“A lot of possibilities were just out of the question, because many of the humanities were not just ideologically influenced, but [also] ideologically controlled,” she said. “You couldn’t do literature, or history, or philosophy — anything like that — and have a good feeling about it.”

The sciences were what remained. For young Uricaru, going to a large city after university to work was also important. A degree in science and a potentially high-level research job in laboratories seemed to be the way to achieve success in Communist Romania, where the government would assign graduates their jobs. 

Uricaru graduated from University of Bucharest in the Romanian capital with a Masters of Science in Biochemistry. The degree, however, did not land her a job in a lab. When she was still a student at the university, violent demonstrations against the totalitarian regime led to the overthrow of the government and the execution of Ceaușescu, ending the 42 years of Communist rule of Romania. What followed was a painful transition to capitalism and democracy.

“Although I was a student in biochemistry, I felt that this is the last chance that I have to maybe do something else,” she said. “So I started thinking about it, and I realized that I still wanted to do film.”

The only film school in Romania, National University of Theatre and Film, was harder to get in than one might imagine. The school would only accept about seven students each year for the directing track, and there was a rumor that only those with private ties could get in.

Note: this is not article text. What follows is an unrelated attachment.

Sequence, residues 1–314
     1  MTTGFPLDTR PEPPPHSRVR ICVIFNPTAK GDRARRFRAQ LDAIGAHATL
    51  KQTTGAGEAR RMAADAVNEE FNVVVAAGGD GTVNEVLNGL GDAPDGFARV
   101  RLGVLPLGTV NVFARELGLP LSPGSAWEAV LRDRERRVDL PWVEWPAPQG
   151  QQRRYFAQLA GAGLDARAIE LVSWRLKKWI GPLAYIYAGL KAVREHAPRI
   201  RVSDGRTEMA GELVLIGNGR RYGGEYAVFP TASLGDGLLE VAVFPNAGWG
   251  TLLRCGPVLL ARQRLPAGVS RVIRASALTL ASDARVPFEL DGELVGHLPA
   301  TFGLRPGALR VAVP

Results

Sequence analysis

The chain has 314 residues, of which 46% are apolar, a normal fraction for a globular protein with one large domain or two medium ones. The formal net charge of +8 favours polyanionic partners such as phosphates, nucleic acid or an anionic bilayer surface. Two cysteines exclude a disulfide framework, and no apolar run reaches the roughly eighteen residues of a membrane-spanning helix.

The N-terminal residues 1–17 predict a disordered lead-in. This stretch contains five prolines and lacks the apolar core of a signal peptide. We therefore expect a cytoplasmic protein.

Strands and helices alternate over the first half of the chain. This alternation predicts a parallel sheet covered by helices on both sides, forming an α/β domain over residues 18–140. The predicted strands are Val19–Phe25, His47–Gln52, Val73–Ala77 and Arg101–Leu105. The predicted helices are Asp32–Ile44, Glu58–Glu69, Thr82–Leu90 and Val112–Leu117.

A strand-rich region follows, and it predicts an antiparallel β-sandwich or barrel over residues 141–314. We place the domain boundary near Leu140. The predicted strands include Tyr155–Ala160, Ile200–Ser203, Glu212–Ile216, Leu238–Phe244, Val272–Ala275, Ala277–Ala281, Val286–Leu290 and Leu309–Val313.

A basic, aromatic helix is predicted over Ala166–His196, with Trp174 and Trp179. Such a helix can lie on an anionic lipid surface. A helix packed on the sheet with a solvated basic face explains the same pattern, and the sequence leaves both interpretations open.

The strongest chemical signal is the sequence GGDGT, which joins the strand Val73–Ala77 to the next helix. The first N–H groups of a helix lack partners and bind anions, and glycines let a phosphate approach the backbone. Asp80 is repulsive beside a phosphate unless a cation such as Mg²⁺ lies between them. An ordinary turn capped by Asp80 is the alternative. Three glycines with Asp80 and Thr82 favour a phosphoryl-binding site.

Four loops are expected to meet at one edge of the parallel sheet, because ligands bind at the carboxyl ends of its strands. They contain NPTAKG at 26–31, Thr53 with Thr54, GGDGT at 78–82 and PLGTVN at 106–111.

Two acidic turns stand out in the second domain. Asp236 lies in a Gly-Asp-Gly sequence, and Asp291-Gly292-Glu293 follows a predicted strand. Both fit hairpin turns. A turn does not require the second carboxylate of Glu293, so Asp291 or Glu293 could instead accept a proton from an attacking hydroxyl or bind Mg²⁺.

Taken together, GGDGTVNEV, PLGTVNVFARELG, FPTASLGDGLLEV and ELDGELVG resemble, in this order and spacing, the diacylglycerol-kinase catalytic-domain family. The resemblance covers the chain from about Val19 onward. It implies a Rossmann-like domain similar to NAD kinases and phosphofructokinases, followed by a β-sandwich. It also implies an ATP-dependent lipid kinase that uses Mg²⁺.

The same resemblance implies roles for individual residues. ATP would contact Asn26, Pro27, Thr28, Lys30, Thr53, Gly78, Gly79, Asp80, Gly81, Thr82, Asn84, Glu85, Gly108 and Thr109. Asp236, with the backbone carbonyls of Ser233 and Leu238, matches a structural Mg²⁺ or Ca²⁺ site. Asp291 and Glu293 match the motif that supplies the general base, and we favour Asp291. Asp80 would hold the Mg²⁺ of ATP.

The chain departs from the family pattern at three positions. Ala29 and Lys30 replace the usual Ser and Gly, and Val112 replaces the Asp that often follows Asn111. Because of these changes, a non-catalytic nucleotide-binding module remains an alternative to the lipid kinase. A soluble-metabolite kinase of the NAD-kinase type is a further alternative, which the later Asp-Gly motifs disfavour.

Despite not knowing anything about film production, Uricaru believed it was the last chance that she had to pursue her passion. She took the admissions test twice, first when she was still in her fourth year of the biochemistry program, then when she had finished her science degree. 

She compared the test to the kind of reality television show in which people try to survive on an island. It was probably a little less dramatic, but there were multiple rounds of stressful competition over the course of one week that eliminated the number of applicants from 120 to seven.

“I thought … if I don’t get in the second time, then forget it, I’m just going to become a scientist,” she said. “But I did get in the second time.”

The offer was not something she could turn away, and she started her journey toward becoming a filmmaker. Later, she continued her studies at USC and paid for the tuition herself through — unexpectedly but perhaps not surprisingly — a teaching assistantship in the university’s biology department.

“So in the end, it was good that I did the degree in biology. It was useful,” she said, laughing. 

It was also useful in the sense that filmmaking is as much a process of artistic creation as analytic, scientific organization. Uricaru possessed skills and experiences for both, and the duality of their combination resonates with both “Lemonade” and her identity.